October 1, 2020
Students with disabilities may face unique learning challenges during school closures or conversion to virtual programming. A recent webinar from the U.S. Department of Education’s Office of Special Education Programs (OSEP) shines a bright light on Resources and Practices to Support Back to School and Continuity of Learning for Children With Disabilities. While these resources are directed at school-day educators, 21st CCLC programs might find them useful — especially those on supporting families of students with disabilities. No time to watch the archived webinar? Y4Y has you covered! Here are some highlights:
Consider sharing with families the CEEDAR Center’s Virtual Toolkit and Family Guide to At-Home Learning, available in English and Spanish. The center recommends six strategies for helping students of all ages who struggle with at-home learning: model, provide clear directions, provide support, help the student stay on task, give specific feedback and use goal setting. The family guide has helpful tools and examples for each strategy.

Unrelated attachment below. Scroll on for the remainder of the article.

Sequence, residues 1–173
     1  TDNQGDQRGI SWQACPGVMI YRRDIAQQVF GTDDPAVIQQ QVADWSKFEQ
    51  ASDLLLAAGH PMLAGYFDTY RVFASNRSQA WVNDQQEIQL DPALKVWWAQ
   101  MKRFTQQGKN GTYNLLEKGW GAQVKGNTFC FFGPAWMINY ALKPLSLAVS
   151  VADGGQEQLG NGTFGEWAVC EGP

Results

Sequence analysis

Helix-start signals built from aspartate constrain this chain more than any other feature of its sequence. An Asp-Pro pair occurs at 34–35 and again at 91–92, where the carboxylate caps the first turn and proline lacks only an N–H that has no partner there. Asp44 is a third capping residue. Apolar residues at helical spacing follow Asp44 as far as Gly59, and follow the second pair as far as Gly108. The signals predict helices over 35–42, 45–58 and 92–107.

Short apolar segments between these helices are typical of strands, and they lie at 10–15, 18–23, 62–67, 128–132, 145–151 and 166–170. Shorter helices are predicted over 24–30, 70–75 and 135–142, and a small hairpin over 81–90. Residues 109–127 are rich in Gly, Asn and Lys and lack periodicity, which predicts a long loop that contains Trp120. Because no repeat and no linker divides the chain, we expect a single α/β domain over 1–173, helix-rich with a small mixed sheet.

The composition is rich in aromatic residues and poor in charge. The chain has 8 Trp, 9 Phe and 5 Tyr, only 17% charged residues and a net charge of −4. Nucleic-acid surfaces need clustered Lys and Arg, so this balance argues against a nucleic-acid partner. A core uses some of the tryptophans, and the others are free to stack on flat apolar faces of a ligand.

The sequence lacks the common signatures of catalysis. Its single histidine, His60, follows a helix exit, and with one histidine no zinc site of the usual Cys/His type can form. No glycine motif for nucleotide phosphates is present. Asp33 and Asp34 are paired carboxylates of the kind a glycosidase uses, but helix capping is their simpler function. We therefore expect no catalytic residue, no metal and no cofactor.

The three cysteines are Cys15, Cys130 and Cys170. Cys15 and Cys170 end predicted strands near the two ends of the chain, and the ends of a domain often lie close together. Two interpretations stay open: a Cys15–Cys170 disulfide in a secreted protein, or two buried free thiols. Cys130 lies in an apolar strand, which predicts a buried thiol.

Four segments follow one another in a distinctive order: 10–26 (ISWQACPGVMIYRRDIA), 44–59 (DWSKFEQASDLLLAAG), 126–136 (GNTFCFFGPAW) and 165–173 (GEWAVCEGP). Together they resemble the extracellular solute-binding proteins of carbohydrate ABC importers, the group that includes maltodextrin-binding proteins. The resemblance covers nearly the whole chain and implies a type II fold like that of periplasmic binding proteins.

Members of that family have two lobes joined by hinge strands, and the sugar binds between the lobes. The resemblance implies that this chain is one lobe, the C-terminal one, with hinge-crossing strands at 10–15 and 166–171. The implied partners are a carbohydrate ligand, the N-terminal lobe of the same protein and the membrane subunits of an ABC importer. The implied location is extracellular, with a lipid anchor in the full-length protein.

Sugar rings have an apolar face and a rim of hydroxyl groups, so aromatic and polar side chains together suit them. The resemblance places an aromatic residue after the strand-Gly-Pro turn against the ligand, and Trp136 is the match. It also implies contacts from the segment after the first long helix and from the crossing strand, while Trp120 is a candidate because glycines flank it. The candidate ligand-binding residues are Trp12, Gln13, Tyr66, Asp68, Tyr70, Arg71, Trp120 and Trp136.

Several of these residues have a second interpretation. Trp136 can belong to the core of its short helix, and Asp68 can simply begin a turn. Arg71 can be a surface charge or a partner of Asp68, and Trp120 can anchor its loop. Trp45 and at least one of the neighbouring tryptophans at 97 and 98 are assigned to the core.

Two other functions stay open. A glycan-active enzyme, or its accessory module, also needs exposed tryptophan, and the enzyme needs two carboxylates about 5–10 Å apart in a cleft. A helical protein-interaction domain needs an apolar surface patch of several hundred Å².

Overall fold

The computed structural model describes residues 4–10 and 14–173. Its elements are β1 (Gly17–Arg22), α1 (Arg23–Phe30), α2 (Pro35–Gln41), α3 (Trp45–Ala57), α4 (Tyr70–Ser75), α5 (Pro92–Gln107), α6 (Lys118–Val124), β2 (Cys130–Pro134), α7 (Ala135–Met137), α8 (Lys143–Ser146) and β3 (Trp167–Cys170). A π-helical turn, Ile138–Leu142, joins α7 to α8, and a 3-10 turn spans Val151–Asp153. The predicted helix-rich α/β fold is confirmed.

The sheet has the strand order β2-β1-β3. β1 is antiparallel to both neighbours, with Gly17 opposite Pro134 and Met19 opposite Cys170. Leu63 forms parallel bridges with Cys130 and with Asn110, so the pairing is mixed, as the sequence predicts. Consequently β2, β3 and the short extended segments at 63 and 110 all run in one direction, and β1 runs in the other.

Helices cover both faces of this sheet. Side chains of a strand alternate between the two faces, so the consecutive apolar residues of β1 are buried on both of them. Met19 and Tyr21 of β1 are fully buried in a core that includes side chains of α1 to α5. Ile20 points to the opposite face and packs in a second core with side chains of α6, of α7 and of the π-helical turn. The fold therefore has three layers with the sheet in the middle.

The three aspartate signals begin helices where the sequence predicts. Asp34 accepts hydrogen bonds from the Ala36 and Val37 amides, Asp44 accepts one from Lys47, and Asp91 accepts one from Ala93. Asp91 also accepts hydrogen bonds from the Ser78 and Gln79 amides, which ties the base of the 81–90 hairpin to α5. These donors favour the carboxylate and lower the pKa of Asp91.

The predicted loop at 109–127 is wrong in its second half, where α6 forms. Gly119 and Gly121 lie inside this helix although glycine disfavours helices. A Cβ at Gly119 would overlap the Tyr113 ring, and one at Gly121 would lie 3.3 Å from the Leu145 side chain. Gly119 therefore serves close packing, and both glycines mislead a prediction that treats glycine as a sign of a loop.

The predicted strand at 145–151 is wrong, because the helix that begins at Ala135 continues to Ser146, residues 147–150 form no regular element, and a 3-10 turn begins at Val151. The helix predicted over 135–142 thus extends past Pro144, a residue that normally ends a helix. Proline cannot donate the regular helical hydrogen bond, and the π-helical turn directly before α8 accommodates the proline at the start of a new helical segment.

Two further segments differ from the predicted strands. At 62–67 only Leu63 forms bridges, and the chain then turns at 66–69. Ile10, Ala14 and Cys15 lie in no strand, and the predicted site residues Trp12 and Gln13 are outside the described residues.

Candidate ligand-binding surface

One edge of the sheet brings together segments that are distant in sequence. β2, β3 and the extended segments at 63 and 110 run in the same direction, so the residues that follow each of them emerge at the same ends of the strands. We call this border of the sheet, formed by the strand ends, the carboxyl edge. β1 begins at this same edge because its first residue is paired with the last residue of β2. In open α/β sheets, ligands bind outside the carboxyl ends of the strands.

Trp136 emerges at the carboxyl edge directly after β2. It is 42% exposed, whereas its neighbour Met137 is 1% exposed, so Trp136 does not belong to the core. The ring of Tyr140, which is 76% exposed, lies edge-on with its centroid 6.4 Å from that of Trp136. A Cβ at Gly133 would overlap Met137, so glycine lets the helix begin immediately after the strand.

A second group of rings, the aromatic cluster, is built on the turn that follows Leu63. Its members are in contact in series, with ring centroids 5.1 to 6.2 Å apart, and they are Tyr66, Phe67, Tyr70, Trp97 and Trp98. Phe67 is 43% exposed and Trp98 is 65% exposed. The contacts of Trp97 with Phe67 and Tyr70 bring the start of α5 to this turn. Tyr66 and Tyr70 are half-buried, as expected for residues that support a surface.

The High-Leverage Practices in Special Education website shares best practices for addressing student behaviors in face-to-face, online and hybrid environments. High-leverage practices are those that are foundational to effective teaching and can be used regularly with students of all ages and abilities. These practices are intended to complement, not replace, data-driven interventions. The site includes unedited clips of teachers implementing “R.U. Asking” (a problem-solving strategy) and including checks for understanding and opportunities to respond throughout instructional time to keep students engaged.